Meanwhile, if all else fails, I will work for a really good New York (preferably Brooklyn) style pizza. With extra cheese, extra sauce, onions, peppers, and maybe meatballs. Or high-quality pepperoni.


I REGRET NOTHING – Rich Paschall

We all have regrets, that’s for sure.  You can not lead a life without them.  You may regret your first stumble and fall — if you remember it.  You may regret dropping that toy or that cell phone.  You may regret letting go of the balloon or a house that rose dramatically in value right after you sold it.  You may regret throwing away food, furniture, or clothing.  But why cry over that?

As you grow, I guess there are plenty of things to regret.  How about the day you did not do your homework?  How about the time you got caught with your hand in the cookie jar, literally or figuratively?  How about the time you were grounded for not doing _________ (fill in the blank).

School years can be filled with regrets.  Many of them will actually have to do with getting caught, rather than what you did.  Of course, if you fell off old man Jones’ garage and broke your arm, you will probably regret that.  If you picked on someone smaller and got your butt kicked, you probably regret that too.

When you could not work up the nerve to ask Sally or Janie or Billy to the prom, you may regret it years later.  This especially stings if you find out the person you wished to ask, liked you too and was hoping you would ask him or her out.  There are a lot of friendships, especially at the high school level, they may have developed into something, if only you had the courage to move forward.

This is especially tough for gay boys and girls who feel they may be the only gay ones in their class and are afraid to approach anyone on this topic.  Recently, I learned a high school classmate was gay so I went back to look at his yearbook picture.  I wanted to see if he was the person I remembered.  He was smart, handsome — someone I would not have thought I could approach.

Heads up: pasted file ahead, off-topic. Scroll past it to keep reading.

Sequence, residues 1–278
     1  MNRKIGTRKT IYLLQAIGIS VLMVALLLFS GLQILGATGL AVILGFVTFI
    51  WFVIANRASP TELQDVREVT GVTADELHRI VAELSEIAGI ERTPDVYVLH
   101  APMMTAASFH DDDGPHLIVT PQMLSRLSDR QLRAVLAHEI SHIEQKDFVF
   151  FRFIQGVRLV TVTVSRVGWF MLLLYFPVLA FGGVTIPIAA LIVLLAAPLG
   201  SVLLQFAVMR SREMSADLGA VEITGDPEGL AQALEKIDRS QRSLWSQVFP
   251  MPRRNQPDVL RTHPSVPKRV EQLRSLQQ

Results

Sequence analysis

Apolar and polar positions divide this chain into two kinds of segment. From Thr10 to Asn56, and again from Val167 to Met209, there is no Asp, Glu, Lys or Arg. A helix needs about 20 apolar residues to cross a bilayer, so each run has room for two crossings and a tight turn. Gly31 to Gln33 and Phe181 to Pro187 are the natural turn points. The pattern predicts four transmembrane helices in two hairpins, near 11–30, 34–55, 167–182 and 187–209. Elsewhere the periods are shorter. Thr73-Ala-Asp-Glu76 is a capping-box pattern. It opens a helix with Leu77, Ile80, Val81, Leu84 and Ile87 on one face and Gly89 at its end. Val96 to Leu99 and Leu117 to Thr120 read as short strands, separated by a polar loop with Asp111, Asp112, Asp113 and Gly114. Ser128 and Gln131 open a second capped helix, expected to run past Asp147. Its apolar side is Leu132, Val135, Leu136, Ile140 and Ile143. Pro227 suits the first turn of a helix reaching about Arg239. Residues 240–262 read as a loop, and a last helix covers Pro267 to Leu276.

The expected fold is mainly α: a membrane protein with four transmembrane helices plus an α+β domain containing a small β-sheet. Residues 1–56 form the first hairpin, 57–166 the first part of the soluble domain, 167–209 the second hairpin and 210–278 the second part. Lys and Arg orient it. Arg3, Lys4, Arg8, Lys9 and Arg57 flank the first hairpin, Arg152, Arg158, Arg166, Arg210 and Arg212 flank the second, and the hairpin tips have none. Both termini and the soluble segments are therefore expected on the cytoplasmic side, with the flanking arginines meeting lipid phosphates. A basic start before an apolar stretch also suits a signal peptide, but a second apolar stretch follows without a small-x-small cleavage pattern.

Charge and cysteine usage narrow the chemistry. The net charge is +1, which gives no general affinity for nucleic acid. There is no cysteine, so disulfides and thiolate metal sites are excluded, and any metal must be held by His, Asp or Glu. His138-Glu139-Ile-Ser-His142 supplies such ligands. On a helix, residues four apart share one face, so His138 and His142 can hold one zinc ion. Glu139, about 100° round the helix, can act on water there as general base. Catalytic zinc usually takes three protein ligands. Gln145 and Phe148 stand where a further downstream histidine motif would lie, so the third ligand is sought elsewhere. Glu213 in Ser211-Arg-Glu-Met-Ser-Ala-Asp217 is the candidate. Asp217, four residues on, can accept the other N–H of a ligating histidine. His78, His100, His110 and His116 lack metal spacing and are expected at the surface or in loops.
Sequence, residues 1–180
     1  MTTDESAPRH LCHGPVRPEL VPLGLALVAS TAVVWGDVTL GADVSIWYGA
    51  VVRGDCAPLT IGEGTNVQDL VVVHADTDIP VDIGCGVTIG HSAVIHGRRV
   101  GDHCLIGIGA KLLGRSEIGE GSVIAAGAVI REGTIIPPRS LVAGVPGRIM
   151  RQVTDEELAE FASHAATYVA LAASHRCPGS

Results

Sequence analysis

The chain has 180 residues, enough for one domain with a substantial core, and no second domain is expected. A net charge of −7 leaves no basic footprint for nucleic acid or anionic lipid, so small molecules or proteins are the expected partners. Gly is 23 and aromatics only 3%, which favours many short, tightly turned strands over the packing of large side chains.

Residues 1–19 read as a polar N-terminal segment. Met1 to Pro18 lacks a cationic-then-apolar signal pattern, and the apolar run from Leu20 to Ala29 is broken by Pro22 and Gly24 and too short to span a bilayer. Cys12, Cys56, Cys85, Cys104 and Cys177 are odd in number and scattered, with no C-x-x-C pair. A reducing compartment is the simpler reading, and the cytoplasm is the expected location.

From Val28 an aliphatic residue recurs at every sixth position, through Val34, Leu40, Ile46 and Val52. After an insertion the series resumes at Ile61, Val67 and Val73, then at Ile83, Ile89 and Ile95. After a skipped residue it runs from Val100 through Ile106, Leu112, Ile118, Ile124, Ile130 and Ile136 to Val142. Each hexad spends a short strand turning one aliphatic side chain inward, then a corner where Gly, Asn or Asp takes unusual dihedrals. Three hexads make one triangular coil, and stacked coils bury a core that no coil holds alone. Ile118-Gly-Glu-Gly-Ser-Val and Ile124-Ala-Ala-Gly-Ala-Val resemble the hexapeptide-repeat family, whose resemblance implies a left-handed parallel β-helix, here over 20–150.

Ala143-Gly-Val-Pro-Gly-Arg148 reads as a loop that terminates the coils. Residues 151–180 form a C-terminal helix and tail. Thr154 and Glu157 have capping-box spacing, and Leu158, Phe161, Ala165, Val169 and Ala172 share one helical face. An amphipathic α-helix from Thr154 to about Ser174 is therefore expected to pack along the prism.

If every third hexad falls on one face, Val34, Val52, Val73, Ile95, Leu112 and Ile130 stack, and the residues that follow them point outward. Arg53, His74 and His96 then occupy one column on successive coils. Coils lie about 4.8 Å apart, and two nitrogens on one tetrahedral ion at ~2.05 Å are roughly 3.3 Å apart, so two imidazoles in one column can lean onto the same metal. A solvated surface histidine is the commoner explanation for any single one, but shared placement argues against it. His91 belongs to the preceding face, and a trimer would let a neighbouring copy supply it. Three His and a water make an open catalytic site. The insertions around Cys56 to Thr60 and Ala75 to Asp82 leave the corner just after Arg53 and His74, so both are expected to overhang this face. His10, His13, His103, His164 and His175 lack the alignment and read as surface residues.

Adult life may be filled with a series of sorrows over decisions made.  Should you have gone to college?  If you went, did you pick the right school?  The right major?  It is easy to spend time at the fraternity parties and local bars.  Will you later wonder if studying harder would have made a difference in later life?

There was a good friend of mine through elementary and high school who also went on to the same University as me.  We took many of the same classes.  We frequently studied together.  Many times, our studies started with a trip to a deep-dish pizza place where we would order pizza and pitchers of beer.  Since deep dish pizza took a long time to make, we might get 30 to 40 minutes of studying done before the pizza was delivered.  After that, it was just pizza and beer.  I guess I don’t regret this one too much.

After college, I cultivated many groups of friends.  A lot of these friendships revolved around hanging out local bars watching sports and drinking beer.  In later years, it might involve karaoke.  We enjoyed our nights.  As I look back on those years, I am not sure I remember who came along or what occasions were special.  They were just nights out. It was more about killing time than fulfillment.

Then, of course, it would be easy to regret all the money we spent in these various places.  Some nights, we poured money over the bar just as fast as they poured drinks into our glasses.  Buying drinks for others, especially if they did not have a lot of cash, seemed like a great idea.  They probably do not remember me, just as much as I do not remember them.

dead leaves

My mother spent a lot of time in the local lounges, one in particular in my lifetime.  The time spent took up more than 50-years of her life and all of her spare money.  At these places, I am convinced she felt she made a number of deep friendships.  It was important to get to these places on Friday or Saturday night to see her “friends.”

When she had a stroke at 73, a couple came to see her once or sent a card.  After the first few weeks, over the next 16 years, we never saw any of these people.  I wonder if she regretted the time spent at the lounge. I will never know.